Wednesday, March 6, 2013 'James DePreist remembered at Union Baptist Church'

James DePreist Bust by Rip Caswell on display at Arlene Schnitzer Concert Hall, Portland, Oregon

Philadelphia Orchestra violinists Paul Roby (left) and William Polk perform Mozart Monday at a memorial for conductor James DePreist.

James A. DePreist is featured at

Philly.comMonday, March 4, 2013, 4:38 PM
 James DePreist.
After a career that brought him to orchestra podiums in Helsinki, Rotterdam and Los Angeles, James Anderson DePreist was memorialized Monday near 19th and Fitzwater Streets in South Philadelphia at his boyhood church, steps from his onetime home.

"Jimmy was the prince of our family," cousin Sandra Grymes said of DePreist, who died Feb. 8 at 76. He lost his father at age 6, she told the gathering of about 80 friends and family members at Union Baptist Church, and was raised by three Anderson women who were "able to make space for him to do his own thing." One of them was his aunt Marian Anderson, the celebrated contralto.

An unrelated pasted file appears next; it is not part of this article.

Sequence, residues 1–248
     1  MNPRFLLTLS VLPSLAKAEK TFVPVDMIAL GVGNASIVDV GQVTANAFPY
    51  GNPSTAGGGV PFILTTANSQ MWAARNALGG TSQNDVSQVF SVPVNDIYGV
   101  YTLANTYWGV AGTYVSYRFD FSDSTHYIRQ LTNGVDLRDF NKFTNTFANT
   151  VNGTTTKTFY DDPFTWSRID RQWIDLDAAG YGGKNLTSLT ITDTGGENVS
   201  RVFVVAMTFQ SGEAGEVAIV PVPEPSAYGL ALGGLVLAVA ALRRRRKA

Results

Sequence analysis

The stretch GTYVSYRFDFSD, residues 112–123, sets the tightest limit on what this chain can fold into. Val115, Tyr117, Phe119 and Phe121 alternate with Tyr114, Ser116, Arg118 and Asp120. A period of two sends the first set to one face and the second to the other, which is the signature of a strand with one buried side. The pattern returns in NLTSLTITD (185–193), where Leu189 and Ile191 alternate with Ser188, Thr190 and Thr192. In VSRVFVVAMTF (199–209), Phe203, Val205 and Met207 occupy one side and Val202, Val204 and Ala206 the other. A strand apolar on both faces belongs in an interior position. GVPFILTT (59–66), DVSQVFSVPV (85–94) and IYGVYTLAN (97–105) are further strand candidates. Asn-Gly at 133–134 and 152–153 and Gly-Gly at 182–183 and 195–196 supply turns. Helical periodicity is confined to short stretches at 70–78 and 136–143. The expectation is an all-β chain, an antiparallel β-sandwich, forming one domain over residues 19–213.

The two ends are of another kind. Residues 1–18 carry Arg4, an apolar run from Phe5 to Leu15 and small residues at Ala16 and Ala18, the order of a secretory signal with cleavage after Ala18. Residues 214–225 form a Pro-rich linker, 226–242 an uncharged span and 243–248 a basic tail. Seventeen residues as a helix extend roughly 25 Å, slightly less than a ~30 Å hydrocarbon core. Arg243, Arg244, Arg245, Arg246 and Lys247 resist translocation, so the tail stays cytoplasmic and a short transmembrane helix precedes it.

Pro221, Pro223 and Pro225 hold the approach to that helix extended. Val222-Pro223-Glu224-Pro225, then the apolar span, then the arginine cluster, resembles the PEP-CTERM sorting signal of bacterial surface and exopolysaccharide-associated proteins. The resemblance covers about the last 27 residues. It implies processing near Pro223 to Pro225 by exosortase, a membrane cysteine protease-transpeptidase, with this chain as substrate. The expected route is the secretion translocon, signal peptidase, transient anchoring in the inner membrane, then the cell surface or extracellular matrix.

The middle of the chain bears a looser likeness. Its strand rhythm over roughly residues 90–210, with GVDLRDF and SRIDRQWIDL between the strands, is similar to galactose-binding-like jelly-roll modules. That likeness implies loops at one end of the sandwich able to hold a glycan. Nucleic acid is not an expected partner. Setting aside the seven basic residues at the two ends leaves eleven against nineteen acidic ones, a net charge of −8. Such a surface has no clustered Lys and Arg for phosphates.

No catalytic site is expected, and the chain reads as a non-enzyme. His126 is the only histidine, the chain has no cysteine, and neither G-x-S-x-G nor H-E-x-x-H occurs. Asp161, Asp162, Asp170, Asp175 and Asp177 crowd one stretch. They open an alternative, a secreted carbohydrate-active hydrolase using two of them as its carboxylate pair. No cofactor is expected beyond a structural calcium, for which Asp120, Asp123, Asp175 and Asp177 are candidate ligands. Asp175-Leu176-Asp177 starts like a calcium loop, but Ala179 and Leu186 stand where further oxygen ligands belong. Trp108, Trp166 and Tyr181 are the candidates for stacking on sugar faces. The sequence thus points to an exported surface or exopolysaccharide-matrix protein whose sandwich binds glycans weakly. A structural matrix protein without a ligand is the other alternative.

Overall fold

DePreist's mother wanted him to be a lawyer, but Anderson "exercised a quiet subversion," feeding his interest in music and giving him orchestral scores.
"Jimmy grew up listening to her stories - the acclaim, the discrimination," said Grymes. "He was the son she never had, and she was his muse." She also recalled the episode in the 1960s when, on a tour of Southeast Asia, DePreist contracted polio. "Aunt Marian called Bobby Kennedy, and Jimmy was flown home on a military plane being used to transport soldiers in the Vietnam War."

DePreist lost the use of his legs, and as an African American who conducted from a seated position, he was a rare sight in the orchestral world, if a welcome one. 

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